How to Get H1N1 Swine Flu Vaccine

Perseverance, Patience, Priority Status Key to Finding Flu Shots

Medically Reviewed by Brunilda Nazario, MD on November 06, 2009
From the WebMD Archives

Nov. 6, 2009 - You can get your H1N1 flu vaccine, but it will take perseverance, patience, and priority status.

Priority goes to people at risk of severe flu if they catch the H1N1 swine flu bug:

  • Pregnant women
  • People who live with or care for infants younger than 6 months of age
  • Health care workers and emergency medical personnel
  • Anyone age 6 months to 24 years of age
  • Anyone age 25 to 64 with certain chronic medical conditions

State and local health departments may further restrict eligibility until supplies increase.

But there are some 154 million U.S. residents in these groups -- and so far, only 38 million doses have been available to states. About 10 million more doses have been flowing into states each week.

To be one of the millions of people getting the vaccine, you'll have to work at it. That's no surprise to most people who've tried to find the vaccine. A Harvard poll released today shows that 41% of parents tried to get the vaccine for their kids; two-thirds failed.

The good news is that only 29% of parents said they were very frustrated -- and 91% said they'd try, try again.

That's how Angie Kiblinger got shots of the H1N1 swine vaccine for herself -- she's seven months pregnant -- and for her 18-month-old daughter, Hazel.

Kiblinger, who lives in Hillsboro, Ore., last week checked with her obstetrician and her pediatrician. Neither one had the vaccine or knew where she and Hazel could get it. So Kiblinger, who is enrolled in the WIC program, a federal program that provides medical and nutritional assistance, called her local WIC clinic. The news was good: They told her they had it.

On the appointed day, last Friday, Kiblinger went to the clinic. She waited in line. She got to the front of the line. But the it turned out the clinic had only the inhaled version of the vaccine, which is not approved for pregnant women or kids under age 2.

Going back to the drawing board, Kiblinger checked the web site of her county health department. There she easily found a list of public clinics offering the H1N1 swine flu vaccine. But there was a catch.

"They were holding clinics at local schools, and had a full calendar of clinics -- but about half of them were postponed because they had not received enough vaccine," Kiblinger tells WebMD. "But one, about two towns over, said they'd have vaccine on Saturday from 10 a.m. to 1 p.m."

So on Saturday morning the Kiblinger family hopped in the car and got to the clinic a half hour early. The line already was long.

"They said they had 700 doses, 400 of the spray and 300 of the injectable," Kiblinger says. "We waited in line two hours before they came out and started counting people. Then they cut off the line -- and sent a bunch of people home who were behind us. They said they couldn't be sure how much of each kind of vaccine would be left when we got to the front of the line -- that it would be close."

Over the next hour, the Kiblingers wound their way through the clinic. When they got to the front, she and her daughter got their shots. So far, so good: Hazel will need two shots for protection, so she'll have to get another shot in four weeks.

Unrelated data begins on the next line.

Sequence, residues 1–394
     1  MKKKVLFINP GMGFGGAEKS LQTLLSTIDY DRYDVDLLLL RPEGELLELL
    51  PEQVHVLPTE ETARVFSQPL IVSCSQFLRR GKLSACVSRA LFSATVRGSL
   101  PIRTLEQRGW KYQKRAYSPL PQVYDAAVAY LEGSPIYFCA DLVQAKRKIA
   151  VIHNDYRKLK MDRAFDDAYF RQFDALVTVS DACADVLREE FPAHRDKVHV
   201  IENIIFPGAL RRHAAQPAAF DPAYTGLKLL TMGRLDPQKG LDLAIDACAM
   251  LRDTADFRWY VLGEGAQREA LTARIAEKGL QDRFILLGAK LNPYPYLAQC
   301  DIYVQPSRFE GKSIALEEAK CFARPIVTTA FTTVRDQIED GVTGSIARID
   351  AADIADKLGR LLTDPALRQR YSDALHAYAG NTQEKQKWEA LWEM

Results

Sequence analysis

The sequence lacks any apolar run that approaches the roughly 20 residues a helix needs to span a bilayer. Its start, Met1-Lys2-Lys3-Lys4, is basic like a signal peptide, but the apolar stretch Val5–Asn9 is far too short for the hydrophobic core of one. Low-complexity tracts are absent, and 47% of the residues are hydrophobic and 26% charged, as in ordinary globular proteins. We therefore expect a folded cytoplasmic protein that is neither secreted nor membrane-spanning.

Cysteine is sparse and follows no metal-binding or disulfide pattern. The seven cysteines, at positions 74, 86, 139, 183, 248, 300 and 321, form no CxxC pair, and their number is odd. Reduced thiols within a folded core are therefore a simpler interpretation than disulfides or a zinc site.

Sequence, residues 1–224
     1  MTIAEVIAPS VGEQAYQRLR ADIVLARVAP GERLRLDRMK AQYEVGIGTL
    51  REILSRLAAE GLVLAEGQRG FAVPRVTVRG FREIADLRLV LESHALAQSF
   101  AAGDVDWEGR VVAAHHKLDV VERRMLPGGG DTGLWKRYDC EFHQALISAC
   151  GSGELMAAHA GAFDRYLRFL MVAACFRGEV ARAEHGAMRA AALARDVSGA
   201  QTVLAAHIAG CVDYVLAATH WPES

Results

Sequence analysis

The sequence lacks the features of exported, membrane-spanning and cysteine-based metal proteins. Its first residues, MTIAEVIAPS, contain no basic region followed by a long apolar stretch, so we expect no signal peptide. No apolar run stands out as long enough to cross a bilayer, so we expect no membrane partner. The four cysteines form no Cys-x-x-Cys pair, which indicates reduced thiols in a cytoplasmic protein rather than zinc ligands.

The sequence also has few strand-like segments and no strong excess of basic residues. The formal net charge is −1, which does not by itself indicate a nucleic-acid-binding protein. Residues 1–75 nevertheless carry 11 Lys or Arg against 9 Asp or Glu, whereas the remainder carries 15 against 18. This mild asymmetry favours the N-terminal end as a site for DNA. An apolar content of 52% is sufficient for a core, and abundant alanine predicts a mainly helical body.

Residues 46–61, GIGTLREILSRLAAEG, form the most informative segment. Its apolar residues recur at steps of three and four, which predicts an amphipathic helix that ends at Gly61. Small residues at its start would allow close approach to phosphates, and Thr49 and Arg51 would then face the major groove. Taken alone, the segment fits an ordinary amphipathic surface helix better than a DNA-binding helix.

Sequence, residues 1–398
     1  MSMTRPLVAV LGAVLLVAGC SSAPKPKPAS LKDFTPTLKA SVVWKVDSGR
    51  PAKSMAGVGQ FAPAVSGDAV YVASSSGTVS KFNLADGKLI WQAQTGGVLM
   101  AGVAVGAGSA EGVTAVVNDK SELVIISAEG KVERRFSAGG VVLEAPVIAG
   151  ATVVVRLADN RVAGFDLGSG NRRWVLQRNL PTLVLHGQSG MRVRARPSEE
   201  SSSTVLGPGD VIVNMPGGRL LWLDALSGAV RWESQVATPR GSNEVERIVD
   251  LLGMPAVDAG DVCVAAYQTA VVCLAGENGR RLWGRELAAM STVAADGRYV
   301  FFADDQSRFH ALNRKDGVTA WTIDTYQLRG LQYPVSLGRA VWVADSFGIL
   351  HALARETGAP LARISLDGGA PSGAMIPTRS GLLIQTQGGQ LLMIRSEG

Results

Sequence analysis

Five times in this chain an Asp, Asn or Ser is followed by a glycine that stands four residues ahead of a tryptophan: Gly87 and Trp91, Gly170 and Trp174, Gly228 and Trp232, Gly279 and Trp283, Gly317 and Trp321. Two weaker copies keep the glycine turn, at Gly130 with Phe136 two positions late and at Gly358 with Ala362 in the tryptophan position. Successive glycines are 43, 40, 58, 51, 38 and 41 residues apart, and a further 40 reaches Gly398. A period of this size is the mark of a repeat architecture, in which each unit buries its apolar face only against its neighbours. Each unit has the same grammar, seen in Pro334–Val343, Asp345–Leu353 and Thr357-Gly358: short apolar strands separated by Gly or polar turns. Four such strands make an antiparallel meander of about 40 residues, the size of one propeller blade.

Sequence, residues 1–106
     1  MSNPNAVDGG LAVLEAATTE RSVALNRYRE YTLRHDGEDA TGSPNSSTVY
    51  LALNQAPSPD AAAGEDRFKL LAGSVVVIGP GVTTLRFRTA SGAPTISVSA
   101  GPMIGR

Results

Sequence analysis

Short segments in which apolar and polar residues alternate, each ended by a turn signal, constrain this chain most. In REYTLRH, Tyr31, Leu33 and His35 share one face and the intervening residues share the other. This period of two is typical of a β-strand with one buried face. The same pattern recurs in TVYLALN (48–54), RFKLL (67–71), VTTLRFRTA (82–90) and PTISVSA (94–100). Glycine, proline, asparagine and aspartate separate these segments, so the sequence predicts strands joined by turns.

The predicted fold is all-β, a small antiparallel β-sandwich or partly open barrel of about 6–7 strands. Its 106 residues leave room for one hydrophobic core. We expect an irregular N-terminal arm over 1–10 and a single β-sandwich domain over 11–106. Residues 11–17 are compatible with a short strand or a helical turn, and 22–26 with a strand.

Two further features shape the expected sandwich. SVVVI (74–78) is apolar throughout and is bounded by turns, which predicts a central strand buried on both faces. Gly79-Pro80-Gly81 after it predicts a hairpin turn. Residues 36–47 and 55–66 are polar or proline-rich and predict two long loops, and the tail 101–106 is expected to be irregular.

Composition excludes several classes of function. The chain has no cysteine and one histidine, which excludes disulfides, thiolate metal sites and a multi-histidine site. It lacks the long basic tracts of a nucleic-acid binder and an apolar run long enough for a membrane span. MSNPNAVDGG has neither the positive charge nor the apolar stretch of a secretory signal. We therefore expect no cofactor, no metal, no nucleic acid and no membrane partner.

Looking for H1N1 Swine Flu Vaccine

Like the Kiblingers, millions of Americans are getting flu shots and flu sniffs. Here's how they are doing it -- and how you can maximize your odds of finding H1N1 swine flu vaccine for eligible family members.

The first step should be to check the web site. There's a map of the United States; click on your state and you'll find links to your state health department.

At this point, residents of different states will have different experiences. Some states offer information only about public vaccine providers (not all states allocate vaccine to private providers); others list both public and private providers. Some states have links to local health departments, and those local departments have information about where and when vaccination clinics will be held.

Whichever experience you have, it's a good idea to use your telephone -- frequently. Regularly check with your local health department and with vaccine providers in your area. If you want to see how much vaccine is flowing into your state, check the CDC's 2009 H1N1 influenza vaccine supply status web page.

The key is to keep at it. There will, eventually, be plenty of vaccine. It's not clear when that will be.

"When we get to that sweet spot where it feels like there's plenty of vaccine is hard to predict," CDC immunization and respiratory disease chief Anne Schuchat, MD, said today at a news conference. "I am expecting in the next several weeks it will get better and better -- but we have been burned on predictions and I don't want to get more specific than that."

Don't forget that the H1N1 swine flu vaccine isn't the only vaccine that will protect you this flu season.

One vaccine nearly everyone overlooks is the pneumococcal vaccine, which protects against the bacterial infections that make life miserable -- or even kill -- kids and older adults weakened by the flu.

And of course there is the seasonal flu vaccine, although it is looking like the 114 million doses that will be available this year won't be enough to meet the unprecedented demand. You can find a seasonal flu-shot locator at the American Lung Association web site.

Show Sources


Angie Kiblinger, Hillsboro, Ore.

Anne Schuchat, MD, director, National Center for Immunization and Respiratory Diseases, CDC, Atlanta.

National Vaccine Advisory Committee Meeting teleconference, Nov. 6, 2009.

Blendon, R.J. Harvard School of Public Health, "Public Views of the H1N1 Vaccine Shortage," Nov. 6, 2009

American Lung Association web site. web site

CDC web site.

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